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Orbital angular momentum (OAM) from lasers holds promise for compact, at-source solutions for applications ranging from imaging to communications. However, conjugate symmetry between circular spin and opposite helicity OAM states (±ℓ) from conventional spin–orbit approaches has meant that complete control of light’s angular momentum from lasers has remained elusive. Here, we report a metasurface-enhanced laser that overcomes this limitation. We demonstrate new high-purity OAM states with quantum numbers reaching ℓ = 100 and non-symmetric vector vortex beams that lase simultaneously on independent OAM states as much as Δℓ = 90 apart, an extreme violation of previous symmetric spin–orbit lasing devices. Our laser conveniently outputs in the visible, producing new OAM states of light as well as all previously reported OAM modes from lasers, offering a compact and power-scalable source that harnesses intracavity structured matter for the creation of arbitrary chiral states of structured light. A metasurface laser generates orbital angular momentum states with quantum numbers reaching ℓ = 100. Simultaneous output vortex beams, with Δℓ as great as 90, are demonstrated in the visible regime.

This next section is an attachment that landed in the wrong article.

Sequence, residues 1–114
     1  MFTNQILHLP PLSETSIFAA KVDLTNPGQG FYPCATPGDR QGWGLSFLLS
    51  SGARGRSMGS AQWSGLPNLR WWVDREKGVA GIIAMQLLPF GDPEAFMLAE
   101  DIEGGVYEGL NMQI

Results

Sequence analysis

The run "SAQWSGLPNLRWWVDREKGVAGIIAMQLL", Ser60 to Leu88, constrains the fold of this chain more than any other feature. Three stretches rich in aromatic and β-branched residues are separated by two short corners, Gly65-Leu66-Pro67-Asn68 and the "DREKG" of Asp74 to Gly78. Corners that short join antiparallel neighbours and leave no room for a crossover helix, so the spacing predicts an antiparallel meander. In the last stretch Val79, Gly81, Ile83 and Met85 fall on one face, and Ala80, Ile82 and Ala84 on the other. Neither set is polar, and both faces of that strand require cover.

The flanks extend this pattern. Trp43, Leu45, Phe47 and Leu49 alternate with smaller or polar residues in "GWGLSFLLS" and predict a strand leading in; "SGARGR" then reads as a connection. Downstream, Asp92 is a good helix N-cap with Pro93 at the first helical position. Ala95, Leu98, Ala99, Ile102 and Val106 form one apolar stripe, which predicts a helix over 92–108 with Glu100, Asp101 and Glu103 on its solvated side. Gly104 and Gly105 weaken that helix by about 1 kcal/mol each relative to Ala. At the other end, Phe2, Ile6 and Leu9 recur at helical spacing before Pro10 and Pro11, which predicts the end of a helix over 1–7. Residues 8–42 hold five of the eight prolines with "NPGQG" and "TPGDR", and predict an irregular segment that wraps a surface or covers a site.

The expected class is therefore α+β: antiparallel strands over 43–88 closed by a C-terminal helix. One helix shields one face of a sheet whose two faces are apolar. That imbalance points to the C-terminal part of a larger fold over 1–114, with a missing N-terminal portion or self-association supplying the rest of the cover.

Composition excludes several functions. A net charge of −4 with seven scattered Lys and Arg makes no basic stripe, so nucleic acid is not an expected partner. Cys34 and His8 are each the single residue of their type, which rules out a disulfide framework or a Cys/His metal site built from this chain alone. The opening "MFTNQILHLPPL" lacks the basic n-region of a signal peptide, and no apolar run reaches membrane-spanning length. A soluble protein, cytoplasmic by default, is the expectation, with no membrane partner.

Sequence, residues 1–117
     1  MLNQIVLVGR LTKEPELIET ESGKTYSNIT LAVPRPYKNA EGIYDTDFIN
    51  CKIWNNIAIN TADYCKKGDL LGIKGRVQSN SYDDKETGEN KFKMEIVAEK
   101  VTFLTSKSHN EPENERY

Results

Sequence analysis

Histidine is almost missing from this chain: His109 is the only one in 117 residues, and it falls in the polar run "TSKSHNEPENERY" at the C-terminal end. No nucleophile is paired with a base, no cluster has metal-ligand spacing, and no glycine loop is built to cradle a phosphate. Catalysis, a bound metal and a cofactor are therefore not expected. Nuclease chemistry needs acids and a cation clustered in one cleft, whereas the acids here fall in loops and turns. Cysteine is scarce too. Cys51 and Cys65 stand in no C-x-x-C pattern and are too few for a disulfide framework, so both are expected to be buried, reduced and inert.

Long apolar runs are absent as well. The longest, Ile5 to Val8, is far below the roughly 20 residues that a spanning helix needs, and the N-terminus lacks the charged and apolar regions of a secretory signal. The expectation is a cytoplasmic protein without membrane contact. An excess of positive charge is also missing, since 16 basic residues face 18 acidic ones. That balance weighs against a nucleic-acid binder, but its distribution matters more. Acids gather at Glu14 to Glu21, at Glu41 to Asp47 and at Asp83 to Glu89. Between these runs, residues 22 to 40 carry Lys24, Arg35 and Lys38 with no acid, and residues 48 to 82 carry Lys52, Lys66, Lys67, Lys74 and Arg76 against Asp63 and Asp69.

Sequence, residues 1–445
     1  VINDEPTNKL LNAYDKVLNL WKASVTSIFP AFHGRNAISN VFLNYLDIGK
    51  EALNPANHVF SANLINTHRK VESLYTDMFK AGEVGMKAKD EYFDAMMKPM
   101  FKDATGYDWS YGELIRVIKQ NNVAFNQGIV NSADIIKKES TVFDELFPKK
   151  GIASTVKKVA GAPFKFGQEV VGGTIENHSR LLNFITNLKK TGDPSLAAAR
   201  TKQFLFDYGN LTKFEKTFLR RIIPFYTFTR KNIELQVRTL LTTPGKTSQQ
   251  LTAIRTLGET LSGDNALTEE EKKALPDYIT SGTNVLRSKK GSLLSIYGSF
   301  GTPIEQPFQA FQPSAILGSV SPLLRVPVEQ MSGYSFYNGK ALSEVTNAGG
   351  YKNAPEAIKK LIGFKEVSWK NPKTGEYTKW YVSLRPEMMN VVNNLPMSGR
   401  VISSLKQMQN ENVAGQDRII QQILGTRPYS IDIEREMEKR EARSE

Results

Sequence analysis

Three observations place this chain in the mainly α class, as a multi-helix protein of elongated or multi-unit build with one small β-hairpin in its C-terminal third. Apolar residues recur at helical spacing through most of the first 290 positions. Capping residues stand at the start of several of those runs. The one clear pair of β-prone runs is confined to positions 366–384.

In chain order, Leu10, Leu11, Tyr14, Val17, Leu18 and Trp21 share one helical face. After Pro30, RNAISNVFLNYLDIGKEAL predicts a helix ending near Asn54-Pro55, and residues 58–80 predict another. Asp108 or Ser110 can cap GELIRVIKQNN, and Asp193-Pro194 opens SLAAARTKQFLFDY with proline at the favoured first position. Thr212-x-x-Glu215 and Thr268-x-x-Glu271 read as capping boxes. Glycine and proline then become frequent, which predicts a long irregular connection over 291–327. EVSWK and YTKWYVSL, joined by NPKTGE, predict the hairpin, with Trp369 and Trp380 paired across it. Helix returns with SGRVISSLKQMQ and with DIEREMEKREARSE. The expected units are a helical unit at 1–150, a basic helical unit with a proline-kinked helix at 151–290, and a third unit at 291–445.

Metasurface laser and modes a, Illustration of laser cavity with an intracavity nonlinear crystal (KTP), polarizer (Pol) and metasurface (J-plate), excited by an infrared pump (between mirror M1 and the back KTP crystal face), with the green light emerging from the output coupler (OC) mirror. b, Replication of previous SO laser results showing symmetric states of ∣ℓ∣ = ±1 for three orientations of the fast axis of JP1 (red arrows). c, Creation of a new angular momentum state with ℓ1 = 1 and ℓ2 = 5. As θ (J-plate orientation) is varied, the modal spectrum shifts from H,1\documentclass[12pt]{minimal} \usepackage{amsmath} \usepackage{wasysym} \usepackage{amsfonts} \usepackage{amssymb} \usepackage{amsbsy} \usepackage{mathrsfs} \usepackage{upgreek} \setlength{\oddsidemargin}{-69pt} \begin{document}$$\left|H,1\right\rangle$$\end{document} (red squares) to V,5\documentclass[12pt]{minimal} \usepackage{amsmath} \usepackage{wasysym} \usepackage{amsfonts} \usepackage{amssymb} \usepackage{amsbsy} \usepackage{mathrsfs} \usepackage{upgreek} \setlength{\oddsidemargin}{-69pt} \begin{document}$$\left|V,5\right\rangle$$\end{document} (blue circles), in agreement with theory (curves). Insets: the OAM spectrum at different θ. Error bars show standard deviations. d, Creation of an arbitrary vector superposition state of coherently mixed vortices showing five distinct phase singularities (indicated by white circles), in agreement with theory (shown in the inset). All results were taken at an average pump energy of 230 mJ. For b and d, the colour bar shows normalized intensity plotted with a false colour scale of 0 to 1.